taking, without danger to the efficiency of production, to unite
all branches of it, and in each branch all the separate firms and
business-companies into one single body with uniform labour-
credit and uniform estimation of labour-time. Herein it goes
upon the supposition that the whole tendency of production is
toward business on a large scale with local self-complete branches
on factory lines. Yet this is a most arbitrary assumption."
Agriculture tends in the direction of small or moderately large
farms. Even in trade there will always remain over, a mass of
small scattered pursuits that entirely escape control.

4. " Social Democracy promises to the industrial proletariat a
fabulous increase in the net result of national production, hence
an increase of dividends of the national revenue, and a general
rise of labour-returns all round. This increased productivity of
industry would perhaps be conceivable if a firm administration
could be set over the collective production, and if it were also
possible to inspire all the producers with the highest interest
alike in diminishing the cost, and in increasing the producti\-ity
of labour. But Social Democracy as such refuses to vest the
necessary authority in the administration, and does not know
how to introduce an adequate system of rewards and punish-
ments for the group as a whole, and for the individuals in each
productive group, however necessary a condition this may be of a
really high level of production. Therefore, on the side of pro-
ductivity again, all these delusive representations as to the
capacity and possibility of democratic collective production are
groundless. Without giving both every employer and every one
employed the highest individual interest in the work, and
involving them in profits or losses as the case may be, both ideal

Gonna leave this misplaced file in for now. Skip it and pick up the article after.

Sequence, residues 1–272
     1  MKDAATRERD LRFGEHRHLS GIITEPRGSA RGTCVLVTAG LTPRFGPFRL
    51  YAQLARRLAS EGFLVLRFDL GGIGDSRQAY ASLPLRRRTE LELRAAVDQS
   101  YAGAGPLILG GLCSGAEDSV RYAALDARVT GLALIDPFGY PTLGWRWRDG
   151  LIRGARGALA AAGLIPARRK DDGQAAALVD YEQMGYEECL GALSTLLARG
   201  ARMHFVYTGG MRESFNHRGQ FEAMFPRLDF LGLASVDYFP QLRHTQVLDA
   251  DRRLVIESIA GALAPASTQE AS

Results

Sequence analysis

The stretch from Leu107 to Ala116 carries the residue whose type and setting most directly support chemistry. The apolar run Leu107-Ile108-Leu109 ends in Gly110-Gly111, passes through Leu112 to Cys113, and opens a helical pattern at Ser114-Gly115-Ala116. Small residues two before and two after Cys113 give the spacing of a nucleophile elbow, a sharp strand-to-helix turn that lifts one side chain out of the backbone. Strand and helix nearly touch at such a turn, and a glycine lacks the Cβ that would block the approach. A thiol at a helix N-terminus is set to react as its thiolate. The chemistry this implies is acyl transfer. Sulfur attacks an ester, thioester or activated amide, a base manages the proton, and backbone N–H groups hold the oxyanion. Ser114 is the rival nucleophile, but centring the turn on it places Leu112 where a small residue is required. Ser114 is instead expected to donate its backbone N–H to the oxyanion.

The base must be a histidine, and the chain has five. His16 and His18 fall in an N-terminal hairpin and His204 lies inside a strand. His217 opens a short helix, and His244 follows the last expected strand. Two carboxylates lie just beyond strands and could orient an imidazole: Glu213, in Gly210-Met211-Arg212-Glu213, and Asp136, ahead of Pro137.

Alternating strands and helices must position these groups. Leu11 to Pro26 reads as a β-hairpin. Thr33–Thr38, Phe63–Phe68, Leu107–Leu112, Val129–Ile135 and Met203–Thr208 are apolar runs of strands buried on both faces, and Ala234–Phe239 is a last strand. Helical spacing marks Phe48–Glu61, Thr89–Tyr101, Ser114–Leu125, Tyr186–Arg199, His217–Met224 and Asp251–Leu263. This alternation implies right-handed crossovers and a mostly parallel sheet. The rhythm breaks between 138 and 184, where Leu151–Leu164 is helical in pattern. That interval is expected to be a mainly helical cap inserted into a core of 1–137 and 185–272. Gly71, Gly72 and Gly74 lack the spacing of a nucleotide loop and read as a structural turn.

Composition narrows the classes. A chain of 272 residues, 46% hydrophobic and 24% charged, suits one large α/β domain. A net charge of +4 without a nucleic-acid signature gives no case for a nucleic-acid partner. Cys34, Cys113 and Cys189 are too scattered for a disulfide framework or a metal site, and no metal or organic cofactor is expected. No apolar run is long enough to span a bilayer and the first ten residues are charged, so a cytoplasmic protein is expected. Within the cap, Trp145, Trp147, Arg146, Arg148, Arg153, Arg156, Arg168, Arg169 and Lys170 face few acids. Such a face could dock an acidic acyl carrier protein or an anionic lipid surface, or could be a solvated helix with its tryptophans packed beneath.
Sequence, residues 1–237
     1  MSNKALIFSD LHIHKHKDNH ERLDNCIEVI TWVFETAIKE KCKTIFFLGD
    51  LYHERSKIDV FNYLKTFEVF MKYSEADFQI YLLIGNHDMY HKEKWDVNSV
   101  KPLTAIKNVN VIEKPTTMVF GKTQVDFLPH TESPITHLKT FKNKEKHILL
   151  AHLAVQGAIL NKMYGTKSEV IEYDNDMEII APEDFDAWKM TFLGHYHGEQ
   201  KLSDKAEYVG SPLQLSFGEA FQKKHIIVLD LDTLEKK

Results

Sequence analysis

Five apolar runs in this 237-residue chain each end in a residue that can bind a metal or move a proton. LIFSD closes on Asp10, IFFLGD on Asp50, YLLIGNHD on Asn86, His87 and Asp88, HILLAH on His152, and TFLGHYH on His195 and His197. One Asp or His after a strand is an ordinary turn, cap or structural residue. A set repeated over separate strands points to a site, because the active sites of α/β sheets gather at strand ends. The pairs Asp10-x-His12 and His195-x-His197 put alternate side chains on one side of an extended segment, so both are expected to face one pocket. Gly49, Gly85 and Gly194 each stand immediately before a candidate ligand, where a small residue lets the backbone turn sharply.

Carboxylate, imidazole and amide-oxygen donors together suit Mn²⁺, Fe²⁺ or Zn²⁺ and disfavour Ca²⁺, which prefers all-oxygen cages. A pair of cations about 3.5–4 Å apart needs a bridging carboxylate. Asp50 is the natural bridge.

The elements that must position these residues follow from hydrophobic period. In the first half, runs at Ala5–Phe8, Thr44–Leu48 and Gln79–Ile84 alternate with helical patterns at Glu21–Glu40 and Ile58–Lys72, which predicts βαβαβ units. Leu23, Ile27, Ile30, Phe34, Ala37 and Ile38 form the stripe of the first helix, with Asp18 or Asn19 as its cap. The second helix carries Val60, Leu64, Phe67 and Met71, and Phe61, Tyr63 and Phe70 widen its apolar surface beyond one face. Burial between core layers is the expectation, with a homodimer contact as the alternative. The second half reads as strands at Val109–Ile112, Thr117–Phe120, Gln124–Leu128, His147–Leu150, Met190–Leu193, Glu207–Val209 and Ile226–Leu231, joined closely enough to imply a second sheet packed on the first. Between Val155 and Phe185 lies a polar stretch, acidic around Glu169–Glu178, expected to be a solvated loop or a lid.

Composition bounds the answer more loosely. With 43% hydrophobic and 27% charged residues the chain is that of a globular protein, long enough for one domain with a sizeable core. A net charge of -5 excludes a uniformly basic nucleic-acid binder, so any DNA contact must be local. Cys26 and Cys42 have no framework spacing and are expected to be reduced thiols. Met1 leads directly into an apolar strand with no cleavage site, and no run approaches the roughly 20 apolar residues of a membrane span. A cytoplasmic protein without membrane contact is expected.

and material, it would be vitterly impossible to attain even such a
measure of productivity for the national labour as the capitalist
system manages to extract. . . . Without a sufficiently strong
and attractive reward for individual or corporate pre-eminence,
without strongly deterrent drawbacks and compensatory obliga-
tions for bad and unproductive woi-k, a collective system of pro-


duction is inconceivable, or at least any system that would even
distantly approach in efficiency the capitalistic system of to-day.
But democratic equality cannot tolerate such strong rewards and
punishments. The scale of remuneration in the existing civil
and militaiy systems would be among the very first things Social
Democracy would overthrow, and rightly, according to its prin-
ciples. So long as men are not incipient angels — and that will
be for a good while yet — democratic collective production can
never make good its promises, because it will not tolerate the
methods of reward and ]mnish7nent for the achievements of indi-
viduals and of groups, which under its system would need to be
specially and peculiarly strong."

5. Social Democracy is utterly unable to fulfil its promise of
strictly apportioning to each person the exact value of the
product of his social labour. It has discovered no principle or
method of determining what a " fair wage " is. So far from
preventing exploitation it could not fail to do injustice to those
whose average productiveness is higher than that of their neigh-
bours. " The fanaticism with which the gospel of Marx's theory
of value was at one time preached rests upon superstition, and
upon a wholly superficial misconception of facts. ... It i^ not
only not proved, it is absolutely vinprovable, that a distribution
measured by the quantum of social labour-time given by each
would represent distribution in proportion to the measure of
product value contiibuted by each."

6. It is indispensable alike in the interests of the individual
and of society that each person should be remunerated in propor-
tion to the social value of his work. Social Democracy fully
acknowledges this, and promises to accomplish it, but necessarily
fails to keep its promise. For, however socially useful this pro-